On 26 June, the International Day against Drug Abuse and Illicit Trafficking which the UN Office on Drugs and Crime (UNODC) has dedicated this year to the theme “Share facts on drugs. Save lives”, Amnesty International is renewing its call on the UN and its Member States to end the use of the death penalty for drug-related offences as a critical first step in ensuring drug policies are effectively designed to protect people.
The continued secrecy around the use of the death penalty and the silence from UNODC about its use for drug-related offences by some countries, and its wider impact on the enjoyment of human rights, is deeply concerning. The failure by UNODC to even mention the death penalty in its annual report and unreservedly advocate for the abolition of the death penalty not only allows for the harmful narrative that has dominated punitive state responses in the past decades to continue, but also offers cover for violations of human rights committed by some governments in the name of the ending drug-related harm.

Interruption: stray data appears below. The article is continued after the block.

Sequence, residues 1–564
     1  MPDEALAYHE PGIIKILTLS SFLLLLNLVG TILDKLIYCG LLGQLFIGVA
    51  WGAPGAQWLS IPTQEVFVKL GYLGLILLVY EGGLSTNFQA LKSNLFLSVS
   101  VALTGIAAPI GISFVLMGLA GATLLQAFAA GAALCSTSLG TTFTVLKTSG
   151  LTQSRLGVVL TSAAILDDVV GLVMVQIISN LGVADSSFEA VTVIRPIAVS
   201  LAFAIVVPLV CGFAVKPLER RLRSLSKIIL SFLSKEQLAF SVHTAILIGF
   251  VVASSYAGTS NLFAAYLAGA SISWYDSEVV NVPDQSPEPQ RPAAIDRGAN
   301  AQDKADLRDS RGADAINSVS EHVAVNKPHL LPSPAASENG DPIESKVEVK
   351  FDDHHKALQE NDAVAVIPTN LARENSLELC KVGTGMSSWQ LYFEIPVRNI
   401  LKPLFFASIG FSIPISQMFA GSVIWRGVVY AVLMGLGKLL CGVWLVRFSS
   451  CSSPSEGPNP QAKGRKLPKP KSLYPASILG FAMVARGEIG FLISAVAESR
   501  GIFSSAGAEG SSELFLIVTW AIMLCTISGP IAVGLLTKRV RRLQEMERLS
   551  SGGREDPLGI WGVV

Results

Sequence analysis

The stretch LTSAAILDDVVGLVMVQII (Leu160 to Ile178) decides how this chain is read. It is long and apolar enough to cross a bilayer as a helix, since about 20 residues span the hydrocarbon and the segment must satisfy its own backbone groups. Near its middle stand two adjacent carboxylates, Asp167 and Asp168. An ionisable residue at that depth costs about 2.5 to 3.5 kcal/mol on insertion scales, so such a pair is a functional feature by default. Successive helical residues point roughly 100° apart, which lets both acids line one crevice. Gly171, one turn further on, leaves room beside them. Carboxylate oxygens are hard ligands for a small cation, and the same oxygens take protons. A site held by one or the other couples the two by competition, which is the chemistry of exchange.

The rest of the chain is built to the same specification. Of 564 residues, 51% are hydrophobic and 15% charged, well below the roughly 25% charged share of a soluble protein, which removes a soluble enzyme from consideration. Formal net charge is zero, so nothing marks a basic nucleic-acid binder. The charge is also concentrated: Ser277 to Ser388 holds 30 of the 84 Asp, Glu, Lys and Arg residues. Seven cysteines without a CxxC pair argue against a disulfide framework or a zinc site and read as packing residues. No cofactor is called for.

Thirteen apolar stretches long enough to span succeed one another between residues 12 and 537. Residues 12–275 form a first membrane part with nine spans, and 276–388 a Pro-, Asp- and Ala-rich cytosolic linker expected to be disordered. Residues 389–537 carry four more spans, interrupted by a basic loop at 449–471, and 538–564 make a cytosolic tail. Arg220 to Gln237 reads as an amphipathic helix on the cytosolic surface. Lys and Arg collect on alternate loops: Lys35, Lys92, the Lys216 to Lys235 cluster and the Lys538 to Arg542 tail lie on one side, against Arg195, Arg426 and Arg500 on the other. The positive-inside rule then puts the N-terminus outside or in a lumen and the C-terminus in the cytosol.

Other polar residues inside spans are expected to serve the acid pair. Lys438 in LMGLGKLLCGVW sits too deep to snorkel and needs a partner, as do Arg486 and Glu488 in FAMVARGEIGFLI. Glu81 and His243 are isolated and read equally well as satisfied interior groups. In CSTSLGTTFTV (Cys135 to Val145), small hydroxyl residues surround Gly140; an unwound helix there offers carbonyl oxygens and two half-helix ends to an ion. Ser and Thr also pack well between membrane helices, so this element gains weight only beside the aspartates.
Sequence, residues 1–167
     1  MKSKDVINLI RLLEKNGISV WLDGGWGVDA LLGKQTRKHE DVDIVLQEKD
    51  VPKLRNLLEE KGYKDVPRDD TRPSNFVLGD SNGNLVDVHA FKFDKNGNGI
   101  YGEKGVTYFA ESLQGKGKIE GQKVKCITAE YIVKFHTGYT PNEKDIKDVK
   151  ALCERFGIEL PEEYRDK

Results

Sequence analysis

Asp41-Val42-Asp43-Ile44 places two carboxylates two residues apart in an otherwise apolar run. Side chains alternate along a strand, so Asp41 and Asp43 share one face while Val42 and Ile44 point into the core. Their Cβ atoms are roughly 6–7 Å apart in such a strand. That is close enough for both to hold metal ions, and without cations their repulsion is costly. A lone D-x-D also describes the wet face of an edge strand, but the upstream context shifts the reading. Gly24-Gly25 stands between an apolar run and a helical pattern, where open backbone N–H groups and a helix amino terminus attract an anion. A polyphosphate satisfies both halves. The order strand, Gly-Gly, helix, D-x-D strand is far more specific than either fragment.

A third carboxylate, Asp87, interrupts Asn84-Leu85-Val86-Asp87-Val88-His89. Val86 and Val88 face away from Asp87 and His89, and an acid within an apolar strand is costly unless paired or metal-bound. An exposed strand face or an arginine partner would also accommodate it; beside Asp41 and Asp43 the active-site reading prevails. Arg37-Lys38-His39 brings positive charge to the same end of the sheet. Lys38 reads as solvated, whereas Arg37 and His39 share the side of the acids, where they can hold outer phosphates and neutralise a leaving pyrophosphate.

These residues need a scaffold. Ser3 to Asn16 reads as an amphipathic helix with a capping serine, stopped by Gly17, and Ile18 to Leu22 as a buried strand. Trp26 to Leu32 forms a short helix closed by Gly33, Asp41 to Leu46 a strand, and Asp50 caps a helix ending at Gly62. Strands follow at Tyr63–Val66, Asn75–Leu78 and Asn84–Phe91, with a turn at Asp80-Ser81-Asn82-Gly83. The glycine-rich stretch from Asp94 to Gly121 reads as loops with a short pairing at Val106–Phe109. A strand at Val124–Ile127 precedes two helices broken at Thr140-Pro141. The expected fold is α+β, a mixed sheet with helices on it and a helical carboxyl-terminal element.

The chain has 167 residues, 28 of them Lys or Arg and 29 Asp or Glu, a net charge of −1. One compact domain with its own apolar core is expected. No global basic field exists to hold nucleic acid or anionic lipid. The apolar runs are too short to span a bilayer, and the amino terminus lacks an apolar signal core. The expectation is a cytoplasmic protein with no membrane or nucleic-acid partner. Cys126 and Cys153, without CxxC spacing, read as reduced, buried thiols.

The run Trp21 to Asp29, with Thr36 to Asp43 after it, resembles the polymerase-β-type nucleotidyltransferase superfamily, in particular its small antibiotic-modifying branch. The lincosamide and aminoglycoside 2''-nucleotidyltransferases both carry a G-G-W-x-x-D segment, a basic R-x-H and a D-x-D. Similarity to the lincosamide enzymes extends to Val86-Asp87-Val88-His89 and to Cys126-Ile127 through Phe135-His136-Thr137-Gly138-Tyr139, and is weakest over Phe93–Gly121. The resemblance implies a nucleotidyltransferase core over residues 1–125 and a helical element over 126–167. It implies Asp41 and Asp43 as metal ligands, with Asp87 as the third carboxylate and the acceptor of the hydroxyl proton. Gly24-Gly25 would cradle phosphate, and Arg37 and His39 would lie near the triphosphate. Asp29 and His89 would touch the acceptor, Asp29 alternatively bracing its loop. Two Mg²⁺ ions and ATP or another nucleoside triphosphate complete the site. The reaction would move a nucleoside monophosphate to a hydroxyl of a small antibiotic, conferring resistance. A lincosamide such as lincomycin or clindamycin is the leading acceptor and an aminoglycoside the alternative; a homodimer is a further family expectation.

The use of the death penalty for drug-related offences represents the pinnacle of the highly punitive paradigm of the “war on drugs”. Amnesty International renews its call on the Economic and Social Council (ECOSOC) and its subsidiary bodies, including UNODC, to make the abolition of the death penalty an integral component of all programmes to promote drug policy reform, prevent crime and improve criminal justice systems globally. Ending the death penalty, an inherently cruel and unfair punishment, would ultimately save lives and allow for the development of new drug policies based on the respect of public health and human rights.